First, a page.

Programmer Testifies He Was Asked to Rig Voting Machine Software

A touch-screen voting machine is demonstrated during a news conference in Sacramento, Calif., Monday, April 23, 2001.   (AP Photo/Rich Pedroncelli)

Clinton Curtis was an everyday computer programmer in Florida until he was asked by a powerful Republican legislator to create vote-rigging software for electronic voting machines.

Curtis was a software programmer from Oviedo, FL who claimed in a sworn 2004 affidavit and then sworn testimony before members of the U.S. House Judiciary Committee, that he was asked to create a vote-rigging software prototype for touch-screen voting systems back in 2000 by then Rep. Tom Feeney (R-FL), a very powerful Republican in the Sunshine State and a close friend of the Bush family.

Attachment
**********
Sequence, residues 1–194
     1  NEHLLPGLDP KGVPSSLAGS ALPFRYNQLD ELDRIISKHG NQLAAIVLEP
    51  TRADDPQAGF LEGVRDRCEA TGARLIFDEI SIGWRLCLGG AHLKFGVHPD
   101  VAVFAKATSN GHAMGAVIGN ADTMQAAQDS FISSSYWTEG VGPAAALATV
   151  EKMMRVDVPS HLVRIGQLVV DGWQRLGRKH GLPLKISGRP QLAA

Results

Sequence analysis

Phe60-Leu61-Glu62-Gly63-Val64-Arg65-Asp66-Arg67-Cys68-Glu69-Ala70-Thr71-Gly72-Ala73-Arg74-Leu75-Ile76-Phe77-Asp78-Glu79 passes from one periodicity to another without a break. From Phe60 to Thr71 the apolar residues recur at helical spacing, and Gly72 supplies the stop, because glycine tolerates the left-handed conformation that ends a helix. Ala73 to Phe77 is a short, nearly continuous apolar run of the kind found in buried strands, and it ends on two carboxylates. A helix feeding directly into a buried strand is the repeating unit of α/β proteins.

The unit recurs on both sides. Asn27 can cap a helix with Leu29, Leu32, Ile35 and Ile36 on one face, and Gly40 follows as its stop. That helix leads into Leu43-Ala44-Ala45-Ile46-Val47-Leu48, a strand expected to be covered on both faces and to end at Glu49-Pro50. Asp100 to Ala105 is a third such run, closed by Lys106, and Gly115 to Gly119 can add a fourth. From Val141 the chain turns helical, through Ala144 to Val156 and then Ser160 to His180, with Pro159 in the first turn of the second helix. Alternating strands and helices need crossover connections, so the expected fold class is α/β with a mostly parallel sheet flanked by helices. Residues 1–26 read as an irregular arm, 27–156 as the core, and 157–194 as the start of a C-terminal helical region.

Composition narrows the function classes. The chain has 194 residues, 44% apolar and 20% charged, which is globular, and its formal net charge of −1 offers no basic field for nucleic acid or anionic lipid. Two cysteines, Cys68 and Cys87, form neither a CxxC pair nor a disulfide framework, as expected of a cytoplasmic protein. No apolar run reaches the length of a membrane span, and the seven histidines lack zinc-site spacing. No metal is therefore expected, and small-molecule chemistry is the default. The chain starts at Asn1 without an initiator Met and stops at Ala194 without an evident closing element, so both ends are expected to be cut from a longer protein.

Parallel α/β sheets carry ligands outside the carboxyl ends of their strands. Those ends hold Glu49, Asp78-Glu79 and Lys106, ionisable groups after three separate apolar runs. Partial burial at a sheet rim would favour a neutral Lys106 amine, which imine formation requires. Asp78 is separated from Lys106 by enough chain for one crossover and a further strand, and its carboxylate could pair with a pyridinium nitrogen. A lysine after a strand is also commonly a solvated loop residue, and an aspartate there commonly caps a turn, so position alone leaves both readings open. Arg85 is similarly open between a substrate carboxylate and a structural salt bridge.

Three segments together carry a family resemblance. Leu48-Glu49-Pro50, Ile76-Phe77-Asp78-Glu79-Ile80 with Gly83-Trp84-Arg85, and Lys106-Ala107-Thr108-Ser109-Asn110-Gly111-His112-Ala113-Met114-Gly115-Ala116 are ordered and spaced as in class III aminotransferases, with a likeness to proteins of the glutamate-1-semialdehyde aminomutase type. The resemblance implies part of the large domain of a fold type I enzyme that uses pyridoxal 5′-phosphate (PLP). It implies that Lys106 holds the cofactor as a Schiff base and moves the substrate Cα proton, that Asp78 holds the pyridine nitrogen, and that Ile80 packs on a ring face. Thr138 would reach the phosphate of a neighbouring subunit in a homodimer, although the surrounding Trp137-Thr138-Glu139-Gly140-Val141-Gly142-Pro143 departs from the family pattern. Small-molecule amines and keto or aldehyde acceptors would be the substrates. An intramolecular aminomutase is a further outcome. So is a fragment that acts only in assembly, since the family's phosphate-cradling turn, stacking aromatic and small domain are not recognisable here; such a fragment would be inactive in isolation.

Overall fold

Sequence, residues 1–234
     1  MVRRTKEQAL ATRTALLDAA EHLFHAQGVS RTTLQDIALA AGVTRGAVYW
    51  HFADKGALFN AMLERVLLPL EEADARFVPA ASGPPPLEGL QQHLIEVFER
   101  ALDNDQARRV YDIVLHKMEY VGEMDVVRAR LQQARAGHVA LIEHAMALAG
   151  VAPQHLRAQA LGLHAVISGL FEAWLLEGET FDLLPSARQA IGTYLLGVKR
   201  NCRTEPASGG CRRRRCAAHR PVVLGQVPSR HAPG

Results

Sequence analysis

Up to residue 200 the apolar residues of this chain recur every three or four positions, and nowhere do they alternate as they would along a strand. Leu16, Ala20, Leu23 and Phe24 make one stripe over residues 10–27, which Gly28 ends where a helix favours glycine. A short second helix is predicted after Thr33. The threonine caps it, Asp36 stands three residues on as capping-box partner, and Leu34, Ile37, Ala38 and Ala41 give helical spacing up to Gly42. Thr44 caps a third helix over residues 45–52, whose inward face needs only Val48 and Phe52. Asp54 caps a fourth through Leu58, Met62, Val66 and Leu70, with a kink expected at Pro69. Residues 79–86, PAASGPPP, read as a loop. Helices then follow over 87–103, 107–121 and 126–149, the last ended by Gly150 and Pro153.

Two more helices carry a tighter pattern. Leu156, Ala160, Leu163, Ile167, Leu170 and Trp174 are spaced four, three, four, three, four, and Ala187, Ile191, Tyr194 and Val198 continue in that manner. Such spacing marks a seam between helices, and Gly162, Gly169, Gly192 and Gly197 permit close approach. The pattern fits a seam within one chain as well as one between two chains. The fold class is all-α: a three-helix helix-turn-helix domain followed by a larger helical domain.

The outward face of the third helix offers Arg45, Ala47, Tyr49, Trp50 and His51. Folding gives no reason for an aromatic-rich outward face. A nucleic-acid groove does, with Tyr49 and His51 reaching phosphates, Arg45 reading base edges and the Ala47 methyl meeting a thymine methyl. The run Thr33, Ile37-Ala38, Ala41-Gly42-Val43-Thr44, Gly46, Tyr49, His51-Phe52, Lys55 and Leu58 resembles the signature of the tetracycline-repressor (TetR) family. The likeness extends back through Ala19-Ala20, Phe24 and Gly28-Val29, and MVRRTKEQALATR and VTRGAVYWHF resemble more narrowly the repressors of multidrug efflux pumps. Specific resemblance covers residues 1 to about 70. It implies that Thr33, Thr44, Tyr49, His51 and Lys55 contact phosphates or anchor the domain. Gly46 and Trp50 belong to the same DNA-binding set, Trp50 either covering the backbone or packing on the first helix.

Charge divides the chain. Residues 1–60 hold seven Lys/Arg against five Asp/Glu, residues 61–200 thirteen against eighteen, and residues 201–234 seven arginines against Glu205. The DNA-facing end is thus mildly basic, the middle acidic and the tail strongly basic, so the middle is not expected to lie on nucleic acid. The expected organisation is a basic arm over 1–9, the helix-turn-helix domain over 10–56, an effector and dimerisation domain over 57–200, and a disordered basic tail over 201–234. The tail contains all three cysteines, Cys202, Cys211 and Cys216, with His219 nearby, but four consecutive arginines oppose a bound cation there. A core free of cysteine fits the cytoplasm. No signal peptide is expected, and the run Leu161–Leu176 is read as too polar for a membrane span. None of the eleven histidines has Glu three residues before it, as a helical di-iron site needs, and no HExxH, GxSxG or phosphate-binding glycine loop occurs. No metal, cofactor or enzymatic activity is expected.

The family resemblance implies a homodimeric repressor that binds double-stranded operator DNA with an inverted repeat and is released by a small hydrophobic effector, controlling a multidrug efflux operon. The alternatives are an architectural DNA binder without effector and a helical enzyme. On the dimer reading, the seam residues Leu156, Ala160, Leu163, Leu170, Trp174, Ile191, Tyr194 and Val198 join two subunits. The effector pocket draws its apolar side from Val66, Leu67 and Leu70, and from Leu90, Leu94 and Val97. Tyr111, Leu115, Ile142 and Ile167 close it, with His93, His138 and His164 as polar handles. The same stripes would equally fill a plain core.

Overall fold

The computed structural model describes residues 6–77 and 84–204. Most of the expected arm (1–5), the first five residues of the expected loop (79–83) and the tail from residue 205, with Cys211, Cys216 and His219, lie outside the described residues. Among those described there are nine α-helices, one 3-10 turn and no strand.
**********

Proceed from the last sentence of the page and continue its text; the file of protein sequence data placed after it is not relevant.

At the time, Curtis worked for a company named Yang Enterprises, Inc., which had many contracts with NASA and the state of Florida. In 2000, when he says Feeney asked him to create the vote-rigging software, Feeney was both the Speaker of the FL House, as well as a registered lobbyist for Yang.

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